Whether you’re looking to study agriculture formally or seeking out some hands-on experience in the field, there are many resources available to help you gain experience and develop a plan for starting your own farm.
Training & Apprenticeships
For those looking for formal training, there are many college agricultural programs in New York State, including those at Alfred State, Cornell University, Morrisville State College, SUNY Cobleskill, SUNY Plattsburgh, and more. The number of these programs is increasing all the time, as more and more schools are developing programs to meet growing interest in the agricultural fields.
There are also many apprenticeship programs in all corners of New York State, as well as programs that offer employment opportunities for new and beginning farmers. We’ve put a partial list of programs below. Contact us to find the programs nearest you that can help you get started.
Plan Your Farm
Many organizations that host training and apprentice programs offer a lot of support in terms of farm planning, as does your local Cornell Cooperative Extension agency. We’ve highlighted a few useful tools to support your farm planning here:
Farmers who sell whole, unprocessed farm products do not need a license to sell such items. But once you begin slicing, drying, pickling, or any other form of processing, you’ll need a food processing license from our Department.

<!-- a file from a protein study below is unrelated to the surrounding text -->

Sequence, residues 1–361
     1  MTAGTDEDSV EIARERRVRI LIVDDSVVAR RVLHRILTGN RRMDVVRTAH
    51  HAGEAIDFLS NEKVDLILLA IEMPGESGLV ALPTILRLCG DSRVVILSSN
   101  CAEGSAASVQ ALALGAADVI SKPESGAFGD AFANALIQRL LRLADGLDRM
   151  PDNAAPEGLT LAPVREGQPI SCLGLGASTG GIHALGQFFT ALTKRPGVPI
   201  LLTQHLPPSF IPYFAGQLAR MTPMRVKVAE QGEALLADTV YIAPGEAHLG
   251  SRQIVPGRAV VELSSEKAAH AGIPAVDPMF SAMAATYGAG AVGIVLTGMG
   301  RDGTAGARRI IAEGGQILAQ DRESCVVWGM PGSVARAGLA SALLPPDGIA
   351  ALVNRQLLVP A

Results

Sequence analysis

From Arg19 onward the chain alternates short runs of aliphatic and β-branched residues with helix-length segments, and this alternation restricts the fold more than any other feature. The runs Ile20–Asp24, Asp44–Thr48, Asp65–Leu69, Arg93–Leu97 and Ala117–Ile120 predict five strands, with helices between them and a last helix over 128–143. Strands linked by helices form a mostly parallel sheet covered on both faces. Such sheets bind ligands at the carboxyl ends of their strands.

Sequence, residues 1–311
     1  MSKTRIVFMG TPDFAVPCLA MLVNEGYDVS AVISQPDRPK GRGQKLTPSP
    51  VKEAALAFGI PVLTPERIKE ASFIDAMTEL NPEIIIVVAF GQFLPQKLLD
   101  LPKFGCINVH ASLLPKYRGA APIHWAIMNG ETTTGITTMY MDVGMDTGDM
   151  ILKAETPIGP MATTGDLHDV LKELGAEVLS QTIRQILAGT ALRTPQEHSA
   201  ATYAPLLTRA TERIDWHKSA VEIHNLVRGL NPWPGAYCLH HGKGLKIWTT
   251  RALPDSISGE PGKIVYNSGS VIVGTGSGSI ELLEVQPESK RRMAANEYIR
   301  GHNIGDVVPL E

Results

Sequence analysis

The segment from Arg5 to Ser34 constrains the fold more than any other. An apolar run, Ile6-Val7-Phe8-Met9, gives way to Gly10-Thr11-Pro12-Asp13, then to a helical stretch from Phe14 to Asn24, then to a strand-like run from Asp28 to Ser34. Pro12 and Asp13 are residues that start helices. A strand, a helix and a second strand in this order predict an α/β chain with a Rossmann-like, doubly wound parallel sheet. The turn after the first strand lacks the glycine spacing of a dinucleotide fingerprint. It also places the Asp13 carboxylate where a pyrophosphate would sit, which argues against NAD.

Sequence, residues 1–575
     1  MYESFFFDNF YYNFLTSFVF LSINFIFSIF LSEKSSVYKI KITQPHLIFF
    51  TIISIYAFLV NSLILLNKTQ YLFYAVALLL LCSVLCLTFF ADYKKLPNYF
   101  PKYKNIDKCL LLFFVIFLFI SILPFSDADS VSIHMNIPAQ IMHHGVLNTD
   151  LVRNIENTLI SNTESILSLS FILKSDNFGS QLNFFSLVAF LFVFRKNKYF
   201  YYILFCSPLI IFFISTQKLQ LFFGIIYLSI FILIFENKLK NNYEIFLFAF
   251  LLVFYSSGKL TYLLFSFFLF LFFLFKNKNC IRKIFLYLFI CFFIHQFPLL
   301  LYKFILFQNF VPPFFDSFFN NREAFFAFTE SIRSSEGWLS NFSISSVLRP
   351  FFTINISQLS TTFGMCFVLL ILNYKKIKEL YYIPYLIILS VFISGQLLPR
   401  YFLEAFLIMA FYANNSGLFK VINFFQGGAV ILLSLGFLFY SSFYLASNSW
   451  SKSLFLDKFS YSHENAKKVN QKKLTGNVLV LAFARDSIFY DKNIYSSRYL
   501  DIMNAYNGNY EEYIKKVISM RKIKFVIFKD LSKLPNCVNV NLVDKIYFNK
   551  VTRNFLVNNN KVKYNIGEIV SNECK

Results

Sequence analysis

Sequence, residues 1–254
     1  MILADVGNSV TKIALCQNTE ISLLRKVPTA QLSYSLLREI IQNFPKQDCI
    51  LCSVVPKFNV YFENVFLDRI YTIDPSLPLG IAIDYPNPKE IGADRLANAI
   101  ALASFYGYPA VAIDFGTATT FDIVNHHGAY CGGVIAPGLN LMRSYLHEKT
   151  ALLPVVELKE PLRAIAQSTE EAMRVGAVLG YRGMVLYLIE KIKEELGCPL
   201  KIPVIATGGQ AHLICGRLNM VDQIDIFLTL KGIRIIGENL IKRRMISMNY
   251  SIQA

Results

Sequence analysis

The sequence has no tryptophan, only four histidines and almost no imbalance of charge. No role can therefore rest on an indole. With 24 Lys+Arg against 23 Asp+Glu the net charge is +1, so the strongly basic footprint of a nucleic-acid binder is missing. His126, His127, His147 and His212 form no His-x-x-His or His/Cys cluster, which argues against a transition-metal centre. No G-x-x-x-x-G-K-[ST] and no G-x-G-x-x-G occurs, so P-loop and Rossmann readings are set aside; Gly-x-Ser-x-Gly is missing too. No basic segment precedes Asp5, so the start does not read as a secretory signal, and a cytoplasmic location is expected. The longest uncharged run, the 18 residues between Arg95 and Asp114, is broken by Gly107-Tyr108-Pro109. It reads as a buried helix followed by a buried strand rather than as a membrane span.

- Read about the 20C Food Processors License and some of our other kinds of licenses.
- Some baked goods and other food items for commercial sale can be produced right in your home kitchen. Learn more about the Home Processors Registration.
Additionally, slaughter and processing of animals requires special licensing and permitting. Read more about that from some of our partner agencies:
Chickens, Poultry, and Other Meats
Fish & Seafood
The New York State Department of Environmental Conservation oversees licensing for commercial fishing. If you begin to process fish in any way, you’ll need a 20C license from us as well.
Finding and accessing affordable farm land can be one of the biggest challenges that new farmers face. While many farmers start out leasing land, owning can become important when thinking about the long-term viability of their farm business. See below for a partial list of organizations working hard to connect new farmers to agricultural land in New York State.
Finance Your Farm
When starting out, each farm finds its own mix of appropriate financing depending on what the aim of the operation is, where it’s located, and how much upfront a farmer may have to put down. Generally, farmers have a better time gaining access to capital by working with specialized agricultural lenders, like Farm Credit or the USDA Farms Services Agency.
Expand Your Farm
As you start your farm business, you’ll also want to think about insurance and more. Find out about some of those resource and others that can help grow your business.